It’s amazing how small things can lead to upgrades, expensive or otherwise. I discovered media streaming to televisions over the summer, via the product ps3mediaserver, and that led to an interest in things like mplayer, ffmpeg, and avidemux. The demands of programs like that led to a motherboard upgrade, so now I have a 8 core AMD processor and 16 Gb of memory on my main desktop. Since 32 bit operating systems cannot address more than 4 GB at a time (though interestingly, the modern 32 bit pae kernels can handle 16 Gb of memory via paging tricks), I upgraded my main machine to Ubuntu 12.04, 64 bit.

Some notes: for those of you following my work technically, I’ll note that Maggie Xiong’s PDL::Stats does not like the version of PDL installed by Ubuntu 12.04 – that PDL is buggy – and CPAN does a poor job of trying to install PDL. It is best is to download the PDL module separately from CPAN and manually compile it. For one, you’re bound to find things you forgot to install and those extras will help give you a working product. Afterwards, you can compile PDL::Stats just fine.

John Turney, of the Pro Football Researcher’s Association, writes the blog about this article:

Shurmur ran an Eagle defense with the LA Rams and it was a double eagle defense, with 2 3-techs over the guards and a noseguard who was a linebacker by trade. The Eagle defense of Shurmur was very similar or identical to the 46.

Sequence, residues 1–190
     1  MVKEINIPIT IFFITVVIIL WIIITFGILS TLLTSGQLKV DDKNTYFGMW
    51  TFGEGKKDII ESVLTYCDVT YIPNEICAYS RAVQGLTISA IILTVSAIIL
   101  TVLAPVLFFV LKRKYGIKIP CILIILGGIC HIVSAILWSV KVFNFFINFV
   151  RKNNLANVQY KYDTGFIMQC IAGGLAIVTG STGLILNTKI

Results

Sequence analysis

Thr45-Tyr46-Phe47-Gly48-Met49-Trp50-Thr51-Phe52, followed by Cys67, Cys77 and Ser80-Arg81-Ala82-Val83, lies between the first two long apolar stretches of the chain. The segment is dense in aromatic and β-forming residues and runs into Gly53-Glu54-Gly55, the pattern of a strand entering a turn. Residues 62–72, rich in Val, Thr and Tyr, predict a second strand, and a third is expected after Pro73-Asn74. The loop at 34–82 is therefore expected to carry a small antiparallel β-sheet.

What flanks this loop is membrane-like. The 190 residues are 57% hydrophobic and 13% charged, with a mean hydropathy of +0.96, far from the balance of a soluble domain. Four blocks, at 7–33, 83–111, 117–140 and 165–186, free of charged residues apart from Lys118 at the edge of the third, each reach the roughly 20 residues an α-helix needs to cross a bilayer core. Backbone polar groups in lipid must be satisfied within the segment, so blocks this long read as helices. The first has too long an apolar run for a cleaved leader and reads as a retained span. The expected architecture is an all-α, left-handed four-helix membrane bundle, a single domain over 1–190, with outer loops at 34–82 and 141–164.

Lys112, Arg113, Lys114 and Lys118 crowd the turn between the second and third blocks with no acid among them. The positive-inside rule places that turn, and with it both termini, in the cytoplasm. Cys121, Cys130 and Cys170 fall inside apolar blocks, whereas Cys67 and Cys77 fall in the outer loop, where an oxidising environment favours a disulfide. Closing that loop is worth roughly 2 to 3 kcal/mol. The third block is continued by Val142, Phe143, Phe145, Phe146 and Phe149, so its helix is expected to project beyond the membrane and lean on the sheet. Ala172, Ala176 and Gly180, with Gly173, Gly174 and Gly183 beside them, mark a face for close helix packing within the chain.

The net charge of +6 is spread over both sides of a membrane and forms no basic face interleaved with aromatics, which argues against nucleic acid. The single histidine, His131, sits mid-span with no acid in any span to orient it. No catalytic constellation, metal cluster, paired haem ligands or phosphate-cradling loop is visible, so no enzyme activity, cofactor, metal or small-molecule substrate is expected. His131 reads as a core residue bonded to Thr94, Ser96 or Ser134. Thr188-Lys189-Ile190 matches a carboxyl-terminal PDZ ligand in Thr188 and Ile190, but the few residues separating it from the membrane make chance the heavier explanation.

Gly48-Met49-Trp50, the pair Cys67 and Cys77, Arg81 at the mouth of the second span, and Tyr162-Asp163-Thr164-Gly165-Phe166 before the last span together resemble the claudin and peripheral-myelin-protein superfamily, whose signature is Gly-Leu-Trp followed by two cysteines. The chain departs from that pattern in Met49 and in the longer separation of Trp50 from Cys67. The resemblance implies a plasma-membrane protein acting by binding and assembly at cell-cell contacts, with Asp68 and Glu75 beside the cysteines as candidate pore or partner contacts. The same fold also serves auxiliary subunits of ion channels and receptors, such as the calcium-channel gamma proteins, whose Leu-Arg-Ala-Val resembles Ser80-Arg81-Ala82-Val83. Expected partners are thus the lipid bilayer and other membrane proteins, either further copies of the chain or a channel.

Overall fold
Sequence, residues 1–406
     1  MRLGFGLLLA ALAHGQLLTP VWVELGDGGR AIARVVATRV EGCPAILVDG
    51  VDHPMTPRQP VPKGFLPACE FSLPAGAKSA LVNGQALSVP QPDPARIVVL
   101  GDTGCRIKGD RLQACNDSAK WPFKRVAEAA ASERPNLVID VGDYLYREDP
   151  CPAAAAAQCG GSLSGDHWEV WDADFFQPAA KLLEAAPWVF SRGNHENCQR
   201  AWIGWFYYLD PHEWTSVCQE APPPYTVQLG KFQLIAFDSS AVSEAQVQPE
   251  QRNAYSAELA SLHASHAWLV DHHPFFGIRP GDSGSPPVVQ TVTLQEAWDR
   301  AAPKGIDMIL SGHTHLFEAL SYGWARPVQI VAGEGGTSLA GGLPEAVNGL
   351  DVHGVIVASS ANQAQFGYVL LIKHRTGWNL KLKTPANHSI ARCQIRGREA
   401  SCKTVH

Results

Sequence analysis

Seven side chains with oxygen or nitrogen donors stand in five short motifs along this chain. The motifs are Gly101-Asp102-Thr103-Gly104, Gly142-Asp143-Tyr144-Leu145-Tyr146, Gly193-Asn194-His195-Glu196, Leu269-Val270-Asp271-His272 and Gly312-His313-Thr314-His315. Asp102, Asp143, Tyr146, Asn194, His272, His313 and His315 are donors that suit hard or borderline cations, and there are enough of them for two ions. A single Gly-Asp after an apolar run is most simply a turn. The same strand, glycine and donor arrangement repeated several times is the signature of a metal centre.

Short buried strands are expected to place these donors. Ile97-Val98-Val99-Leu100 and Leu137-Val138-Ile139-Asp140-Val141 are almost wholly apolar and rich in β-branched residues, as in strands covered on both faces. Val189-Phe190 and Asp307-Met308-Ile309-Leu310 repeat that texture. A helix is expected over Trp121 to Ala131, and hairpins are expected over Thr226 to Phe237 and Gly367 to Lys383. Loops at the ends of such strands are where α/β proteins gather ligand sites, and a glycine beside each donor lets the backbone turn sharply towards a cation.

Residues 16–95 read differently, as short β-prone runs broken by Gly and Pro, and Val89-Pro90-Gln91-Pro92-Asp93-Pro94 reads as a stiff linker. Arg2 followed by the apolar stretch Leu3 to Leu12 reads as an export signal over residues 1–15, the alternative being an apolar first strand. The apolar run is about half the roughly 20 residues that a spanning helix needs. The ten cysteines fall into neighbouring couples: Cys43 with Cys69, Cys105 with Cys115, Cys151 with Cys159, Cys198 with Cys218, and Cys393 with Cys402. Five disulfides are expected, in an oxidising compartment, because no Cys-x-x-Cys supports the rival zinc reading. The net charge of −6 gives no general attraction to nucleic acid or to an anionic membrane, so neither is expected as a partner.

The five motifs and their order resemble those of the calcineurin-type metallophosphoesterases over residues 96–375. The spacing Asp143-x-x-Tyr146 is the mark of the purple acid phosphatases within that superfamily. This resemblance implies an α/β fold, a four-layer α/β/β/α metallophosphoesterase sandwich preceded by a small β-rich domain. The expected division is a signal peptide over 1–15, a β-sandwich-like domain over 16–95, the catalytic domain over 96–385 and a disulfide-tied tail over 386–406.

Shumur’s book makes it clear, Eagle: The 5 LBer defense.

The only difference was in the personnel used. He used a linebacker in the place of the nose tackle and the defense ends. That allowed him to move that nose linebacker around if he wanted to and stem that guy to a standup linebacker and a variant of the Eagle called “Hawk”.

Shurmur did use a 3-4 as a base defense for Rams from 1983-90, but the Eagle was a sub defense they used for several reasons more often in 1988-90 than in 1985-87. In base situations with the Rams they were a 3-4 team. When the Eagle happened they’d pull the nose tackle Alvin Wright and LDE Doug Reed, and bring in extra linebackers to fill the spots in the Eagle.

So, the Eagle was an “eagle” and Shumur addresses this in his book. It was based on the Greasy Neale defense as well as the Buddy Ryan defense.

Thank you, John, for the correction. And for those of us who follow the Duece on Twitter, he tweeted an article from Strong Football about the Shurmer 5 LB defense, that pretty much lays out what John said above. That article is highly recommended. To borrow a diagram from that article, there is a position called nose backer, and he can be roughly where the Will backer is in a classic 4-3, or he can step into the line and function as a lightweight nose tackle.

Nose backer in the line, in the Eagle variant of the Shurmer 5 LB defense. Diagram originally from the Strong Football article referenced above.

Pretty cool, huh? At this point, I’d have to say that the Strong Football article is a must read for those of us interested in Eagle variants.